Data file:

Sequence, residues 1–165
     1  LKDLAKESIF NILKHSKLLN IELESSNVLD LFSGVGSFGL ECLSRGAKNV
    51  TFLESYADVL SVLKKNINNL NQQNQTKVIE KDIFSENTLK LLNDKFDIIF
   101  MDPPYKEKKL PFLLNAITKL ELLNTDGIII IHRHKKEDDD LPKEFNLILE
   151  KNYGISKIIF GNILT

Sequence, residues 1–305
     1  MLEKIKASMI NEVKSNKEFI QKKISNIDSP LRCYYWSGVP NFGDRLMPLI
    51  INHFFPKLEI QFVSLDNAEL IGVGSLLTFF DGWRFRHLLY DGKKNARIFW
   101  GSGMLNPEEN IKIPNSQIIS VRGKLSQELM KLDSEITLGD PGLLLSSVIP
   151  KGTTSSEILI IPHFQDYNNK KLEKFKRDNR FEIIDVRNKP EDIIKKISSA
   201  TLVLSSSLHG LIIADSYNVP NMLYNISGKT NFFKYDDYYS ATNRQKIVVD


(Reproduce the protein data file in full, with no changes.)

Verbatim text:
Sequence, residues 1–165
     1  LKDLAKESIF NILKHSKLLN IELESSNVLD LFSGVGSFGL ECLSRGAKNV
    51  TFLESYADVL SVLKKNINNL NQQNQTKVIE KDIFSENTLK LLNDKFDIIF
   101  MDPPYKEKKL PFLLNAITKL ELLNTDGIII IHRHKKEDDD LPKEFNLILE
   151  KNYGISKIIF GNILT

Sequence, residues 1–305
     1  MLEKIKASMI NEVKSNKEFI QKKISNIDSP LRCYYWSGVP NFGDRLMPLI
    51  INHFFPKLEI QFVSLDNAEL IGVGSLLTFF DGWRFRHLLY DGKKNARIFW
   101  GSGMLNPEEN IKIPNSQIIS VRGKLSQELM KLDSEITLGD PGLLLSSVIP
   151  KGTTSSEILI IPHFQDYNNK KLEKFKRDNR FEIIDVRNKP EDIIKKISSA
   201  TLVLSSSLHG LIIADSYNVP NMLYNISGKT NFFKYDDYYS ATNRQKIVVD